Don’t you hate it when pilots describe an airplane as “honest”? It sounds like a cop-out, a crutch when you can’t say anything more detailed about the thing. Problem is, that term perfectly describes the Sportsman. It has very good longitudinal stability—meaning it stays on trimmed airspeed without much attention—it has good yaw stability, which is good for turbulence. It’s maybe not quite as yaw stable as a Skylane in the bumps, but it is good and doesn’t do that corkscrew deal in turbulence like your friend’s Bonanza. The Sportsman, like the GlaStar before it, has rightly been criticized for heavy roll effort, and even though the latter Sportsman aircraft have had servo tabs fitted to one aileron (the other wears roll trim), the design comes nowhere close to that two-finger responsiveness you get in a Van’s. Then again, it’s also a utility/travel airplane, and you’ll only really scrunch your nose if you’ve been flying RV-8s for the last few years; most pilots coming from certified iron will deem the Sportsman to be light and responsive.
Lervold and I meandered over from the Arlington, Washington, base to the Orcas Island Airport for a few touch and goes, and it all came back to me. Speeds are higher than for my lighter GlaStar but still moderate. Plan on 60-65 KIAS down final with full flaps and a short rollout. The heavier Sportsman, with a 74-inch constant-speed prop, sheds energy quickly at idle power, which is a nice thing. It also accelerates briskly, even with full flaps. All the sightlines are good in the trike—and even very good as a taildragger—though it took me a few minutes to become accustomed to the seating position and taller/deeper glareshield. Together with the new dark color for the steel-tube cage, the new Sportsman felt less “open” than my own low-panel GlaStar and even than my old Sportsman. But memory is terribly fallible.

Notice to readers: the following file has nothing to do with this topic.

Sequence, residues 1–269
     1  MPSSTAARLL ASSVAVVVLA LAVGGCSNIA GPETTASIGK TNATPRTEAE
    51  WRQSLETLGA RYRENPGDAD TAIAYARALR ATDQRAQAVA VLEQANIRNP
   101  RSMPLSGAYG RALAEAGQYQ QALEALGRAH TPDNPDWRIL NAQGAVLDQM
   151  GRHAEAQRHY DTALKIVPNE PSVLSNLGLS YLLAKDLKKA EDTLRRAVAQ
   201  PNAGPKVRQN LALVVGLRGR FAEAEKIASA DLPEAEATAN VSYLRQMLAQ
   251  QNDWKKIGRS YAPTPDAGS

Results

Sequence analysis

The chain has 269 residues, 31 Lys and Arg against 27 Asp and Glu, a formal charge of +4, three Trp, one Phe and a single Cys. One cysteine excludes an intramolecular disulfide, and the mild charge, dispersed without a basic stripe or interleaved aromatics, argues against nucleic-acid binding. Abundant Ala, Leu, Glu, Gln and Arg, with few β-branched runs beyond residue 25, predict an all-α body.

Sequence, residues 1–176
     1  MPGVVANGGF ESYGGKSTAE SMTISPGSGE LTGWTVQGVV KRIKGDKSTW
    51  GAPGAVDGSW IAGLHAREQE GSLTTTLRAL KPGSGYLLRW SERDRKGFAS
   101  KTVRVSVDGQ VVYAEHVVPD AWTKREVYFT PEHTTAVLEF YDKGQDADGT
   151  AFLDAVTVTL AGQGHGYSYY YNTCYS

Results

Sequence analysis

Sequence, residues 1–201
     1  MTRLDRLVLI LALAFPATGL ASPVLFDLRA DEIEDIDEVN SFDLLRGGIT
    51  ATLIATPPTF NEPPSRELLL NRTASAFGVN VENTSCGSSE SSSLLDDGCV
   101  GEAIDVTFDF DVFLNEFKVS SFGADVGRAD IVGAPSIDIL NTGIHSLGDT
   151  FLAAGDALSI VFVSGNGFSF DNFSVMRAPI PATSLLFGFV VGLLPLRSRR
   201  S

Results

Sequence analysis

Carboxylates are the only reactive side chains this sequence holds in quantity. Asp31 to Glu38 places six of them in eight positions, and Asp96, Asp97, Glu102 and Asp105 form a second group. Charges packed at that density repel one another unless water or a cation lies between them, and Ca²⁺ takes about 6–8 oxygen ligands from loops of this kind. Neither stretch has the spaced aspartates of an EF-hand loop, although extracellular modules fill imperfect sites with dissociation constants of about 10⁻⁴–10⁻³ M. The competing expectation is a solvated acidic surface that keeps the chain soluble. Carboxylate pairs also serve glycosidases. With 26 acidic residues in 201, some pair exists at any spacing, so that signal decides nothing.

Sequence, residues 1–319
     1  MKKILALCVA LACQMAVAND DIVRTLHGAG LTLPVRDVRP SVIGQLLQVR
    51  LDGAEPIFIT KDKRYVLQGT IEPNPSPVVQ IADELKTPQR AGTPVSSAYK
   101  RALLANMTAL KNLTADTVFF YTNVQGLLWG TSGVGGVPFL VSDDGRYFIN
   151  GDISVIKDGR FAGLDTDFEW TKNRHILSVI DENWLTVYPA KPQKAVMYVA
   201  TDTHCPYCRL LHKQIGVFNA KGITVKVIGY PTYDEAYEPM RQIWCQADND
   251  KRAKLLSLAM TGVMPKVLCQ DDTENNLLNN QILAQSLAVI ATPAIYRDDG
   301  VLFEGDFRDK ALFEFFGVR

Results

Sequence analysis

Lervold and I spent a bit of time after the flight talking about the next steps for the company, though he was careful not to let on too much. First off, the company can’t continue to offer its Two Weeks to Taxi program as long as social distancing is still a thing. He also feels that over the last few years not enough effort was put into some engineering aspects of the design, and he wants to take time during the pause to work on detail improvements.
But there’s more, and here I’ll offer my take on what the Sportsman needs to be more desirable. First off, I think there’s some cruise speed to be found. Overall it’s a clean airplane with a reasonable, 133 square-feet of wing. We’re not in Cub category here, so all else being equal, there should be some more velocity in the design. It’s not a completely fair comparison, but the Van’s RV-14A, with the same engine and only slightly less wing area (126 square feet), is at least 25 knots faster. It is, however, some 500 pounds lighter and has only two seats. My point is that the Sportsman needs to trim that gap.